These Africans shamelessly played an active role in the transatlantic slave trade

Tippu Tip (1832-1905)

He was a Swahili-Zanzibari slave trader, businessman, and governor who worked for many sultans of Zanzibar. Tippu Tip traded in slaves for Zanzibar’s clove plantations.

He led many trading expeditions into Central Africa by constructing profitable trading posts that reached deep into the region. By 1895, he had acquired “seven ‘shambas’ [plantations] and 10,000 slaves.

He met and helped several famous western explorers of the African continent, including David Livingstone and Henry Morton Stanley. He claimed the Eastern Congo for himself and for the Sultan of Zanzibar; and was later made governor of the Stanley Falls District in the Congo Free State.

Rabih az-Zubayr (1842-1900)
He was a Sudanese warlord and slave trader who established a powerful empire east of Lake Chad, in today’s Chad. He worked as the right-hand man of the Sudanese slaveholder Sebehr Rahma. He conquered empires and was killed by the French after he slaughtered their emissaries.

Al-Zubayr Rahma Mansur
He was a slave trader in the late 19th century and later became a Sudanese governor. He was at odds with the British Governor-General Charles Gordon and was referred to as “the richest and worst”, a “Slaver King” “who [had] chained lions as part of his escort” by England. General Gordon who was sent to Sudan to suppress the slave trade was opposed by Al-Zubayr.

Named Muhammad bin Khalfan bin Khamis al-Barwani, Rumaliza was a Swahili[a] slave and ivory trader in East Africa in the last part of the nineteenth century. With the help of Tippu Tip, he became Sultan of Ujiji. At one time he dominated the trade of Tanganyika.

Stories associated Rumaliza and his parties with the kidnapping of women, cutting off men’s genitals (to be captured and sold as eunuch slaves), cutting off legs, arms, and hands, piercing of noses and ears, burning villages, and killings. Belgian forces under Francis Dhanis launched a campaign against slave dealers in 1892, and Rumaliza was targeted until he fled.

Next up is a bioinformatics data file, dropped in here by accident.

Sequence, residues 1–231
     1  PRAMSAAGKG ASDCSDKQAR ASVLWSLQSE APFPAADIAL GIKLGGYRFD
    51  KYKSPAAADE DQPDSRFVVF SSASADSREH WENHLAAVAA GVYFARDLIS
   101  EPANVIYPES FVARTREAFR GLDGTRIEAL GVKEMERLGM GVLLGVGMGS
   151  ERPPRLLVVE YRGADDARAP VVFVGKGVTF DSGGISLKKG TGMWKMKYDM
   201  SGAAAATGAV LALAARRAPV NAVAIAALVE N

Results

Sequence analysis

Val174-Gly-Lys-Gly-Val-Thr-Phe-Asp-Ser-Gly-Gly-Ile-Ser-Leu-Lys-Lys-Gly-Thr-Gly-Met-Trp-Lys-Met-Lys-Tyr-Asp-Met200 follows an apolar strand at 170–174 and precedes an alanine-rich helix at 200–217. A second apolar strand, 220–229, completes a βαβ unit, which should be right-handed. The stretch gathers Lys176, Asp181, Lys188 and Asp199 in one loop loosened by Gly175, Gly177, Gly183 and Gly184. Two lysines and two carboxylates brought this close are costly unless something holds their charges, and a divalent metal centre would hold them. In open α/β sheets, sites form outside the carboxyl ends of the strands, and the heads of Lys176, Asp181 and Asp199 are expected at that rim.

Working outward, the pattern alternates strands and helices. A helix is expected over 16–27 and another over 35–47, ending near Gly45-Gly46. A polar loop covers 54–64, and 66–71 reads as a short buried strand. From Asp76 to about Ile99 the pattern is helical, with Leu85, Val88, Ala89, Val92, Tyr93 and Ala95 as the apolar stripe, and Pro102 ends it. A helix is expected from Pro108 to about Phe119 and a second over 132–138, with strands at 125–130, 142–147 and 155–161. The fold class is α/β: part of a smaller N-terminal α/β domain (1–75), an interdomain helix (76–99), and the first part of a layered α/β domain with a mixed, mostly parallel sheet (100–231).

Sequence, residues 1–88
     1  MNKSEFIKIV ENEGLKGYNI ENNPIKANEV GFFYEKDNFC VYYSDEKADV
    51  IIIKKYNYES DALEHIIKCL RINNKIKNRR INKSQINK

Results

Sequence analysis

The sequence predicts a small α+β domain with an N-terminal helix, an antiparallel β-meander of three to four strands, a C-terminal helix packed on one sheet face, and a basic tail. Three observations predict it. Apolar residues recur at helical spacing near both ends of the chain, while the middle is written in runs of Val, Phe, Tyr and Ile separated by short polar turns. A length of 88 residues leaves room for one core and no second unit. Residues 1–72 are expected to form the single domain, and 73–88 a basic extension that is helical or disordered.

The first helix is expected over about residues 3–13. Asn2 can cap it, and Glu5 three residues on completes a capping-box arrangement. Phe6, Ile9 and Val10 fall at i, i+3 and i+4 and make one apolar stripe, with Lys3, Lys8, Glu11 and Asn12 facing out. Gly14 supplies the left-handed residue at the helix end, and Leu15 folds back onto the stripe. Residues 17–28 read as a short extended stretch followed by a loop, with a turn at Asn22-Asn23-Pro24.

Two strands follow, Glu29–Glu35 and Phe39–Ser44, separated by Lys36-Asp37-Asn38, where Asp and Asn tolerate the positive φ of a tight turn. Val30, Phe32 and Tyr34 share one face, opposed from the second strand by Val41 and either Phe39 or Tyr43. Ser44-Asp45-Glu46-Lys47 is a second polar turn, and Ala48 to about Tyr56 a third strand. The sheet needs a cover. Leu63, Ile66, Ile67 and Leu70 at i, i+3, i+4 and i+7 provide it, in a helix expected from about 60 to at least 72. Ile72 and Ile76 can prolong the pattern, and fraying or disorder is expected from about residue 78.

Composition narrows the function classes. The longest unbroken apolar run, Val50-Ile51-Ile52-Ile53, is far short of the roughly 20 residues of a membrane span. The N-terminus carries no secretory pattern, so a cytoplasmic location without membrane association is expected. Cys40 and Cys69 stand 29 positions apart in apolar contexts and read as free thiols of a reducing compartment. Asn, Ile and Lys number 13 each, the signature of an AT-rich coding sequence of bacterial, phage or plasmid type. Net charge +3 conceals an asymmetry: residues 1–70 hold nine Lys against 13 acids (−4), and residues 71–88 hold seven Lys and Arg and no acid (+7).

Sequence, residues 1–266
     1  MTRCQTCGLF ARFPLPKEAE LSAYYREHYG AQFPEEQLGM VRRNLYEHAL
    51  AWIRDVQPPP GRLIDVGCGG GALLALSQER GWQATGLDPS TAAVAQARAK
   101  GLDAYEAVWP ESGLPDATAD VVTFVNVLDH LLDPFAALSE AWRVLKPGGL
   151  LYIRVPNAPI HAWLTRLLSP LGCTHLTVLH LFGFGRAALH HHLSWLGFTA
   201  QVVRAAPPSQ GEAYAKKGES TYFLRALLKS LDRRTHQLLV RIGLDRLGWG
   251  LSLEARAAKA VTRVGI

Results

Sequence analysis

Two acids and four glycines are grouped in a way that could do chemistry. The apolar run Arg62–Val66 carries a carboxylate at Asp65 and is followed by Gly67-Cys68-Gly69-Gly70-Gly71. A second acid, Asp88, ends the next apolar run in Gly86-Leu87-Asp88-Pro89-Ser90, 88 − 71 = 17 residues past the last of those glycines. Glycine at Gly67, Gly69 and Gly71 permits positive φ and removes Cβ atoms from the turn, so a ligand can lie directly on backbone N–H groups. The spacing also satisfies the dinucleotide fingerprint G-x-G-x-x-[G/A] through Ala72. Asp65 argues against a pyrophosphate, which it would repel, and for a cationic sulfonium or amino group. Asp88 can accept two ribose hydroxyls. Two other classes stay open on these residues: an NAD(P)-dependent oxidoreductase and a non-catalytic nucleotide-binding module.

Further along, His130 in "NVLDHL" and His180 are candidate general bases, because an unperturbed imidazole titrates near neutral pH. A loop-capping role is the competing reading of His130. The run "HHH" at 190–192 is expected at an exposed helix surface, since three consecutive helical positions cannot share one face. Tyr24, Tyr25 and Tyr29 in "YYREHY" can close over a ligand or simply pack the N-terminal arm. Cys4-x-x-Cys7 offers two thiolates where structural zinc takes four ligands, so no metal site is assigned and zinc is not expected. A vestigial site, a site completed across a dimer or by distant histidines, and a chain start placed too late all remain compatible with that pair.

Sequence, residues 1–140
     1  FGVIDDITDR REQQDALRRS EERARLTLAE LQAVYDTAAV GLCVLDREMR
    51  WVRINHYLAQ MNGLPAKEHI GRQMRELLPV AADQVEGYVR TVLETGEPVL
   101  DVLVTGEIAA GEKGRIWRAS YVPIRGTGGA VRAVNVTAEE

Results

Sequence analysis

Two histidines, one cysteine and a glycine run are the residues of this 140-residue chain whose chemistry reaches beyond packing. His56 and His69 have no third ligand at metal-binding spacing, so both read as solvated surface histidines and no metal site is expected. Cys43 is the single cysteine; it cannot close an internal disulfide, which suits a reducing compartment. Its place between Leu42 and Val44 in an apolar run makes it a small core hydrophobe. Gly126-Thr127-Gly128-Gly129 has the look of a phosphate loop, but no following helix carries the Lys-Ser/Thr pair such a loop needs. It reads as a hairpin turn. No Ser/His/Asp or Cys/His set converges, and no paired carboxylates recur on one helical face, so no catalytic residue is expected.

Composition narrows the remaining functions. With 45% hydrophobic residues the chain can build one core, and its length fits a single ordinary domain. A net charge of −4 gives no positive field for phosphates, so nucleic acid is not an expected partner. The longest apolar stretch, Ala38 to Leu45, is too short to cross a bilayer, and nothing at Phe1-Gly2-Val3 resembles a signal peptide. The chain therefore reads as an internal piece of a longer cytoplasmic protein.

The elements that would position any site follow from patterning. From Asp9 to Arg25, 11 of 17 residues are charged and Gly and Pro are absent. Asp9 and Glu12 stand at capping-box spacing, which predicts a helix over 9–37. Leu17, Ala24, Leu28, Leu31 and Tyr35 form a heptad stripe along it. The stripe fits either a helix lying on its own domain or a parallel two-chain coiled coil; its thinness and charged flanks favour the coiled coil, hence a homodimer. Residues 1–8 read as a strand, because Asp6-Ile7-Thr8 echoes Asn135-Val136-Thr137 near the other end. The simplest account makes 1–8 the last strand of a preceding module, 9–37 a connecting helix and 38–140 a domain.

William Ansah Sessarakoo (1736–1770)
He was a prominent 18th-century Ghanaian, best known for his wrongful enslavement in the West Indies and diplomatic mission to England. He was both prominent among the Fante people and influential among Europeans concerned with the transatlantic slave trade.

His father was John Correntee, chief caboceer and head of the Annamaboe (present-day Anomabo) government who was a slave trader and an important ally for any trader in the city. His father sent him to England to gain an education and be his eyes and ears in Europe.

The ship captain entrusted with Ansah’s transport sold him into slavery in Barbados before reaching England. He was discovered in Barbados years later by a free Fante trader who alerted John Corrente. Corrente petitioned the British to free his son. The Royal African Company, the English company operating the slave trade freed him and transported him to England.

He was received as a prince in England and gained the respect of London’s high society. It is noted that he watched a live performance of a play depicting a wrongly enslaved African prince. He fled the theatre in tears to the surprise of the audience. The play likely reminded Ansah of himself.